The Practice of Tip Pooling is Killing Service at our Restaurants
June 6, 2017, Source: Murad Alnasur, Restonalysis FZE, Dubai, UAE
What Happened to tipping in the GCC region?
In the early days of the 1980's I recall a sign posted at a bar that read: Tipping is not a city in China. The goal was to make the guest aware of tipping their bartender.
Nowadays, when I deal with the tip topic, I increasingly hear operators complain that their team does not make much in tips. In addition, I hear servers complain about tip sharing (Pooled tips). In my opinion, tip sharing must end if we are to improve service. Why should a good server be motivated to give good service when at the end of the night his tips are shared with lazy, careless, and non-attentive servers?
Take it from me. As a consultant, I advise all operators to switch to personal tips where the server keeps all the tips. You will see the service level at your restaurant improve 10 folds. As a customer, I refuse to give tips when I know that my server will not personally benefit from them. I want my server to know that I took care of him/her. This way, they will take care of me next time I visit.
TIPS: To Insure Prompt Service
Tipping is an incentive to encourage the server to do his/her best. Taking that incentive and either keeping it to pay for breakage or divide it will de motivate the servers to give excellent service. In turn, the server, the guest, and the operator all will suffer.
I used to be a server. I remember how many bad servers I worked with. I also remember how much more money I made than they did, and how guests lined up waiting for my section to become available to sit at it, because they know they will be taken care of.
Let us stop the insanity of rewarding the incompetent. Let us stop the practice of pooled tips and allow the servers to highlight their talent (Or lack of it) and either benefit from it or not.
If our service team knows that we do not care who gets the tips, they will never try to please our guests.
Good server / Bad server
Finally, and to drive the point home, allow me to illustrate:
Server A is a great server. He/she is on time, in good looking uniform, always within reach from the guest, helps the guest throughout the dining experience, and makes it fun to dine at the establishment. Takes care of kid’s needs, guest special needs and serves as a lobbyist on behalf of the guest to get a great dining experience. Serves the food properly, clears the table properly, and suggests the best desserts which he/she knows the guest will love. Does not take cigarette breaks and never on his/her phone while working. His/her side work is always done, and his/her station is immaculate. That server ends up making AED 500 in one night on the average.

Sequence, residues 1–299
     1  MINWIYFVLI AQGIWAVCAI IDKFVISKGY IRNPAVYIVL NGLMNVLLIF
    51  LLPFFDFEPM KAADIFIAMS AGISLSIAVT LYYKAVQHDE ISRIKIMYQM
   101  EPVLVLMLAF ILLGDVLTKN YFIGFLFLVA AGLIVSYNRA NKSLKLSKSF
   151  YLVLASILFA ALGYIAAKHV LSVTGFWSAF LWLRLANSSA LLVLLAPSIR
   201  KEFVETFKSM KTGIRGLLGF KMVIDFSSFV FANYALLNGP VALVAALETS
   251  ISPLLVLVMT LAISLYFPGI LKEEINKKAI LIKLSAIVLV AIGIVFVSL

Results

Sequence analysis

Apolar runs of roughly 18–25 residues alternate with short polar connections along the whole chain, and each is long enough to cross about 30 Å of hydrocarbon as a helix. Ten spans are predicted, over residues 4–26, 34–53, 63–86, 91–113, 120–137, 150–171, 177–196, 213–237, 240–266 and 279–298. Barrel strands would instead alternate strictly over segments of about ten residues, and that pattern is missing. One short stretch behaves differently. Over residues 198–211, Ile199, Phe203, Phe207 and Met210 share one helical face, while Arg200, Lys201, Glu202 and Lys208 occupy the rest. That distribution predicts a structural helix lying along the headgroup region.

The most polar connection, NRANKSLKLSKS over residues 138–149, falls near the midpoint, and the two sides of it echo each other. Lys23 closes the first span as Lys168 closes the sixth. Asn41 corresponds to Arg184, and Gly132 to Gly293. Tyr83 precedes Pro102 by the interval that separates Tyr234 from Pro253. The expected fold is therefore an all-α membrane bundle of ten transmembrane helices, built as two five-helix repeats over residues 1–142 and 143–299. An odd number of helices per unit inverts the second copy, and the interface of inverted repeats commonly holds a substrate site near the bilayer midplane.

Server B is a lazy server, comes to work late, uniform is not tidy, takes 10 cigarette breaks a night, does not contribute to side work and his/her station is a mess. In addition, and most importantly, he/she is only an order taker. Does not follow up to ensure guest satisfaction and could care less if the guest returns or not. Most of you say, he/she should be fired. The reality is that we do not fire him/her. After all, recruiting a new one is costly. Instead, we ask server A the super star to help him/her. On the average, this server if lucky will make AED 50 dirhams because he got lucky and one table left the change.
Now it is the end of the month. Server A contributed AED 13,000 to the tip pool, and server B contributed only AED 1200. What we do when we pool tips is that we add up the tips totaling AED 14,200 and divide them between them where each one takes AED 7100. Is that fair to server A? What message are we sending server B when we reward his/her bad performance. The message is that we do not care about guest service. I only used 2 severs. What happens at a place where there are 4 A servers, and 6 B servers? The cut for the A server is even less.
What I just illustrated is the reality of what takes place when you pool tips. Let’s stop this madness and reward the performers based on their performance.
How should diners deal with tipping?
To our guests, if you want your server to get the tip you leave at a place that pools tips, ask for the manager, and make a point that you want your server to keep his/her tips and not put it in a jar. That should serve as a wakeup call to the operators. In addition, my dear guests, please leave tips when service is great, and do not leave tips when service is bad. Do not make emotional decisions on tips as all it does is give the bad servers a sense of confidence that they are not entitled to.